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NVIDIA GTC 2024

NVIDIA GTC 2024

The Six Five team discusses NVIDIA GTC 2024.

If you are interested in watching the full episode you can check it out here.

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Transcript:

Daniel Newman: Let’s start off and talk about GTC. Was there a bigger moment? It was the Woodstock of AI. And Pat, I got to be candid, man. Jensen was in his element in the middle of the SAP center. We couldn’t even get onto the floor.

Patrick Moorhead: It was crazy.

Daniel Newman: There was so much demand. It was a rock concert for AI lovers and he didn’t disappoint. Now, I’m going to give you two things, and there’s a lot of oxygen here. No matter how much I talk, there will be a lot of oxygen here. But, I want to give you two things to really, I came into this looking for. One is, I felt like this was the moment that NVIDIA had to secure its place as the technological leader in AI. Meaning, what is the company going to put forth that clearly says nobody’s catching us? Sure, there’s other options. Sure, there’s other SoCs being developed, ASICs. There’s other GPU players, there’s software abstractions, but we still are the Apple of AI, ironic this week to say that.

The second thing was, I was really dying to understand how the company was going to advance its customer lock-in, meaning, it’s been so clever with the developers and CUDA building that abstraction layer that basically has made it so sticky and it’s like, can they come up with what’s next? Can they come up with something else that’s going to be as sticky as CUDA has been? Especially because you’ll hear the competition talking about new compilers, you’ll hear them talking about ROCm and oneAPI and JAX and PyTorch, and you don’t need to. You can move the workloads from hardware to hardware.

Well, what if you come up with a solution that makes it even stickier there to be running everything on NVIDIA’s hardware? So, of course, I will comment briefly on Blackwell. Now, again, Blackwell is a chip, but Blackwell is part of the GB, the Grace Blackwell, and basically Blackwell is going to be a system. There’s really, nobody’s going to buy a Blackwell chip. You’re going to buy a system. It’s going to be a large system and it’s going to be, what did someone on the competitive side say? An AI mainframe. We are in the era now where we’re going to stitch all this together.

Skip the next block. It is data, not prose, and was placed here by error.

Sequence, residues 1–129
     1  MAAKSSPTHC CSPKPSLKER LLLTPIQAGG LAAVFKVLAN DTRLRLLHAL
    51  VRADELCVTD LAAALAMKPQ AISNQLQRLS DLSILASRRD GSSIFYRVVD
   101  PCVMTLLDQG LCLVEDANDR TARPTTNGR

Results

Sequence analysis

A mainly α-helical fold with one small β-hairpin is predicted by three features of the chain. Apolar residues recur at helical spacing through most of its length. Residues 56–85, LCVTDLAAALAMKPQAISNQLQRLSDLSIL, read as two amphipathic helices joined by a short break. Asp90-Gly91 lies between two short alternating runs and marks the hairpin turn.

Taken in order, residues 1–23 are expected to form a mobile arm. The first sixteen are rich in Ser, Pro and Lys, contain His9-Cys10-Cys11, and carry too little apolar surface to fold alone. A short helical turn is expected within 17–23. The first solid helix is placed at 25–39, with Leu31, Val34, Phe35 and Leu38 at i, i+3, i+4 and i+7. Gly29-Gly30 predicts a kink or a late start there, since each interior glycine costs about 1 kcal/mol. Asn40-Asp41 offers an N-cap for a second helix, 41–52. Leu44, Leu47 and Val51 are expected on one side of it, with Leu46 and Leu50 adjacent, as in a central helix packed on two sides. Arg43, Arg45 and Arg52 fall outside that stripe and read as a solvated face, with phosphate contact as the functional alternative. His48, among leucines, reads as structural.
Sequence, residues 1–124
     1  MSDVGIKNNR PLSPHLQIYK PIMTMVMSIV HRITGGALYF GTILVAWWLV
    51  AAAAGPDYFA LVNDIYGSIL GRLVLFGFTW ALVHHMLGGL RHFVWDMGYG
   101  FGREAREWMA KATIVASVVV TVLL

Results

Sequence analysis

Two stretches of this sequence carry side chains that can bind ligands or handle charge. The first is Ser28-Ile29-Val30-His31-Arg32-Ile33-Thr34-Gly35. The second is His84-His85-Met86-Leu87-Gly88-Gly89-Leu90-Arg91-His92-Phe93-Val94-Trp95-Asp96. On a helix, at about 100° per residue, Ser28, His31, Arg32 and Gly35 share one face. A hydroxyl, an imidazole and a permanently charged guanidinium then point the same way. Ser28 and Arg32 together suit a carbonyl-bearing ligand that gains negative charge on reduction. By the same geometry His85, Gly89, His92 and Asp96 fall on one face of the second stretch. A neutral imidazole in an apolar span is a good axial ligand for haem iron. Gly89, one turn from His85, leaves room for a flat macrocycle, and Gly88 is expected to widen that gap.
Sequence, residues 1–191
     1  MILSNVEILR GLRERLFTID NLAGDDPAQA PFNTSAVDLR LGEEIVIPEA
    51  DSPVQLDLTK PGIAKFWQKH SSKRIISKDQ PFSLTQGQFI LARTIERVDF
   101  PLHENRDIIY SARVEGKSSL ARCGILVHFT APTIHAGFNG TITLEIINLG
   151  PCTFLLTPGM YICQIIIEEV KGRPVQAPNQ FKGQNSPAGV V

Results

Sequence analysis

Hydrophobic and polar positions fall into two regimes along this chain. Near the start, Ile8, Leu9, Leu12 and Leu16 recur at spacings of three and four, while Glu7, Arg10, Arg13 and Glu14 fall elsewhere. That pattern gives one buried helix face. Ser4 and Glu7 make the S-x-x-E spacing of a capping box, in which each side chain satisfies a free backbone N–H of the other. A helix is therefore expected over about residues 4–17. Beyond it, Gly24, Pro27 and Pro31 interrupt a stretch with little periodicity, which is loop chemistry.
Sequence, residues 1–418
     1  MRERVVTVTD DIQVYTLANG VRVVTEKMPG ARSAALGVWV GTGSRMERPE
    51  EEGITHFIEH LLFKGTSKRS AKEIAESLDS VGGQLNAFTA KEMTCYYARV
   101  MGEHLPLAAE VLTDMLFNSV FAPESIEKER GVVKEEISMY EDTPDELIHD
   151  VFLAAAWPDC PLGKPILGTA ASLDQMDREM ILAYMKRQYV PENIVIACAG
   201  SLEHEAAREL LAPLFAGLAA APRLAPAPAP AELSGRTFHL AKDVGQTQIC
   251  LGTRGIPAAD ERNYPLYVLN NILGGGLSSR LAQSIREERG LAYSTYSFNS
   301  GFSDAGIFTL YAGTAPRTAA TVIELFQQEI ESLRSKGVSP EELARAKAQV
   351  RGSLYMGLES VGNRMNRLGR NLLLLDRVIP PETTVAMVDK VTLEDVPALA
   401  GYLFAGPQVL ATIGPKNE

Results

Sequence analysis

Patrick Moorhead: That’s funny.

Daniel Newman: It’s going to be connectivity, it’s going to be compute, it’s going to be GPUs, CPUs, cores. It’s going to be a link, NVLink. It’s going to be in InfiniBand. It’s going to be in a massive rack. And by the way, it’s going to be more economical to do it that way if you’re an NVIDIA shop, and it’s going to take up less real estate. And by the way, that’s really important people. Data centers, there’s limited space, limited power, and this is something that he was very prudent to be speaking to. So, long and short of it, I’ll give a couple of specs. You’ll probably give some other ones too. They’re talking about workload performance increase on the inference side with Grace by about 30 times depending on the floating point, and energy cuts by as much as 25 times. So, this was a big topic, because we’ve talked a lot about how much power hogs GPUs can be.

So, they made some big advancements on inference, which has been something that AMD had made some big strides on, and then they made some advancements on lesser power. They also basically, just to give you a relative data point, so on a previous training model of 1.8 trillion parameters, it would’ve taken 8,000 Hopper GPUs and 15 megawatts of power. NVIDIA is saying now that 2,000 GPUs Blackwell, so about a quarter of which, and it’ll do it at a quarter, about four megawatts of power. So, that was a really interesting data point. So, because we’re going time fast, I’ll just tell you one other thing I wanted to talk about was the NIMs platform. One of the things I think NVIDIA really wanted to get stickier too is going to be the on-prem data and the industry specific LLMs. He talked about a weather opportunity.